The channel of Valkeakoski was opened in 1869.
Floodgates were used by hand.
The actual industrialization began rather late in Valkeakoski, i.e. in the early 1870s. It started with wood processing and paper industry which are still the main industries here. More and more log rafts were gliding down from the vast forest to the paper mills. The grain mills had to make way. During this period of great social changes mills attracted a lot of "redundant" people from the countryside into Valkeakoski, resulting in a densely populated industrial area.
Mechanical pulp and paper mill were completed in 1873.
Tervasaari chemical pulp mill was built of logs in 1880.
It was the first mill using wood as rawmaterial.
For a long time the mill village of Valkeakoski was mostly dependent on the services of the mother parish Sääksmäki. However, in 1883 the population of Valkeakoski comprised already a third of the whole parish and the first primary school was finally built by the paper mill. Still, it was not until 27 years later that Valkeakoski got its own church, a wooden "prayer room". The first clergyman came to work here only after the independent municipality of Valkeakoski had been established.
The view from the former hill of Sarvelanmäki to the market place in 1937.
Seurahuoneenkatu Street leads to the present Valkeakoski City Theatre.
The social changes and the rapid growth of the population brought about wide social differences and even some problems which were reflected in the administration and various branches of society. Finally, these differences lead to the establishment of the borough of Valkeakoski in 1922. At that time the population of Valkeakoski was already as high as that of Sääksmäki.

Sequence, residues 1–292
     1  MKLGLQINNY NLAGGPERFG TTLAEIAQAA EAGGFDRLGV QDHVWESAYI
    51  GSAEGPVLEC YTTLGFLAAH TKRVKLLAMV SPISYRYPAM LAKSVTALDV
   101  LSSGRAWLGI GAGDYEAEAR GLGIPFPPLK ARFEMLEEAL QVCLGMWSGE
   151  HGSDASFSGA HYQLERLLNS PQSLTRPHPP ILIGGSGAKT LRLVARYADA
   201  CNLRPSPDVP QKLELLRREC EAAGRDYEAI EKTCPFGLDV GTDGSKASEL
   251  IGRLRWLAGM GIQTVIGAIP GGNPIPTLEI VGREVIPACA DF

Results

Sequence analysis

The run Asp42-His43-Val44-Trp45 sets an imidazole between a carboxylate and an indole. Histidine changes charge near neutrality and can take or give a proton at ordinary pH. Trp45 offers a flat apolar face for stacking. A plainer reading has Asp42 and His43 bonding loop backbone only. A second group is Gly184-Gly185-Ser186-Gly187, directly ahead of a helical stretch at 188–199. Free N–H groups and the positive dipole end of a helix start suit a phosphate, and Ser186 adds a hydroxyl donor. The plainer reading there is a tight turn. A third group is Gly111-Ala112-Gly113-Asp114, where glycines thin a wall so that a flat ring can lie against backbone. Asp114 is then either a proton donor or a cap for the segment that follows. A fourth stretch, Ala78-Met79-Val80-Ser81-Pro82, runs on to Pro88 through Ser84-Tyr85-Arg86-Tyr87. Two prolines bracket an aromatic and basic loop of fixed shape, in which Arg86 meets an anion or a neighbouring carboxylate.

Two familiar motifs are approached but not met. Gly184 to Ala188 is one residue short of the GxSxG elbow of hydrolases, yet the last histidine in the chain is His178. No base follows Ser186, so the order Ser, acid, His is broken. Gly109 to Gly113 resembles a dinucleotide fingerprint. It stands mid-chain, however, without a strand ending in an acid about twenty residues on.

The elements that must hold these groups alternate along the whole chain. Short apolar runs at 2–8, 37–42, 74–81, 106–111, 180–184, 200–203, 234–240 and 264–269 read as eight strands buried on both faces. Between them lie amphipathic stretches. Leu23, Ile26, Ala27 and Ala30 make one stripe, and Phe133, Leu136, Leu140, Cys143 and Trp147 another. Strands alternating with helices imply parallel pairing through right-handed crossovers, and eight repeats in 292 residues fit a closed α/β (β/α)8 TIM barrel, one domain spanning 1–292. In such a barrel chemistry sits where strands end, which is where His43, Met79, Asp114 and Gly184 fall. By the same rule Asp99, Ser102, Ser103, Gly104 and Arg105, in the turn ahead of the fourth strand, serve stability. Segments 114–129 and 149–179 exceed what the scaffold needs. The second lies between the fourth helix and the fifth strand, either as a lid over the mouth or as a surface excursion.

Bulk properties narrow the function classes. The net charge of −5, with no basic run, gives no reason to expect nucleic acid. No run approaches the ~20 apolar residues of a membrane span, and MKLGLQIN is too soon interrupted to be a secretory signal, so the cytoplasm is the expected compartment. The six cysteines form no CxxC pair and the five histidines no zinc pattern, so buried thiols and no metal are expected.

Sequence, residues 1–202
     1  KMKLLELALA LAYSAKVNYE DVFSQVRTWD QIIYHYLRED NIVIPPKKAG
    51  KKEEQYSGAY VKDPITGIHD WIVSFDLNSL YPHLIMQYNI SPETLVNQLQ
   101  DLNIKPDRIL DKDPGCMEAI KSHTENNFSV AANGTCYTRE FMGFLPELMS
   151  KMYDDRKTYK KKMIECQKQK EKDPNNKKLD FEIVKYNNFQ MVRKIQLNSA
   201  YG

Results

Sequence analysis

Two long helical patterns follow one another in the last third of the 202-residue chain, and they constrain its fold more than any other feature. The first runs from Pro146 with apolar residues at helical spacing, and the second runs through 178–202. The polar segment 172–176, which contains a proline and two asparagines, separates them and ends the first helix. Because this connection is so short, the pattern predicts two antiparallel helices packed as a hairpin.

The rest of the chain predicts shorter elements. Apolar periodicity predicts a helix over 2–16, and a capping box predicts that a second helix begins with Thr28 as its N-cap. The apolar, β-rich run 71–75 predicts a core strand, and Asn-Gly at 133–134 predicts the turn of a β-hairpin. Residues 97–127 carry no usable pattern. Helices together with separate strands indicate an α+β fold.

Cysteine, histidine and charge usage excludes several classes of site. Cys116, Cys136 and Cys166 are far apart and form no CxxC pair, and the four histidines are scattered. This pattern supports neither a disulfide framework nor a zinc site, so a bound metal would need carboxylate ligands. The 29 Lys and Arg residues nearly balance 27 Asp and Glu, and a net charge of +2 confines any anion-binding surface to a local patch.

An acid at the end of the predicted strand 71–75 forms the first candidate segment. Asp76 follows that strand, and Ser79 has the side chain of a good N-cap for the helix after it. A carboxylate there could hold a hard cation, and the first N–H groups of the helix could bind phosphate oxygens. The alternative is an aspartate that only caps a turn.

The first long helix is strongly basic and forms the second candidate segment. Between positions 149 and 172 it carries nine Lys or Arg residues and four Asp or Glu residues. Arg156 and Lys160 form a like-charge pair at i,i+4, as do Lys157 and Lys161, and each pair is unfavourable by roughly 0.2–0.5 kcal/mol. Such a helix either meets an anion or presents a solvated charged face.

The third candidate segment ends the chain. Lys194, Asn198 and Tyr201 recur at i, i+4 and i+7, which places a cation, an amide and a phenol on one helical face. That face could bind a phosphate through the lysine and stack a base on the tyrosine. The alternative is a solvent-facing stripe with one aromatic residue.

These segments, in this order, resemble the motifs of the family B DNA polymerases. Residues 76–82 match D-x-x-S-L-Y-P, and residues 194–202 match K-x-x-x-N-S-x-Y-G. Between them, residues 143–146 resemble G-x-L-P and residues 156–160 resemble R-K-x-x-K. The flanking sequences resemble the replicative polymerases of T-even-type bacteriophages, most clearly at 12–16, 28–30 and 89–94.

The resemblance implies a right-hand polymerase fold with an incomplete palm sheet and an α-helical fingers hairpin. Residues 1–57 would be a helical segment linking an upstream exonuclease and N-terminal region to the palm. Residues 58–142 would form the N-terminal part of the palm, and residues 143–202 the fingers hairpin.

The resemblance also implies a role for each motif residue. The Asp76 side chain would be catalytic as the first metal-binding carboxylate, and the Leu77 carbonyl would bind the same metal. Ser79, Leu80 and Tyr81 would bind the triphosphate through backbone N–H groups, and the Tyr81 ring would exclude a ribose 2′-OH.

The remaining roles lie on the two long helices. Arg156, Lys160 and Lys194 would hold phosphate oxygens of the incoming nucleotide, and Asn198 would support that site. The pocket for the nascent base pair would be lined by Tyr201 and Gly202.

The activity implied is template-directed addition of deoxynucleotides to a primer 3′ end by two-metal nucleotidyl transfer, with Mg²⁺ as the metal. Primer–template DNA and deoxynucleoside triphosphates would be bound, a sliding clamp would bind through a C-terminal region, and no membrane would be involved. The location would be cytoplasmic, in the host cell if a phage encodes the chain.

Koitonaukio Square in 1938.
Four years earlier, in 1918, the fierce civil war had broken out and despite the efforts of local parties it ended in disaster; the mill village of Valkeakoski lost proportionately more people than any other village in Finland.
The contrasts between Valkeakoski and Sääksmäki deepened. After the medieval church had been totally destroyed by fire in 1929, people in Valkeakoski demanded a new church to be built in the area of Valkeakoski. Once people in Sääksmäki decided to rebuild their own historical church, the separation of congregations also became a reality.
Mother and Child are Finding Each Other
Thanks to industries and Karelian evacuees, the population of Valkeakoski increased rapidly after the war. The radical modernization of the town plan was set up in the 1959s and the official status of town was granted to Valkeakoski in 1963. Sääksmäki was joined to Valkeakoski ten years later.
The circle was closed. After being 50 years separated from Sääksmäki, the mill village had developed into a municipality in which a modern and pleasant industrial town and a historical rural centre with numerous big cultural institutions were united. Both of them are as important - nationally and internationally. Opposites are approaching each other and they both are learning to value the benefits of this duality.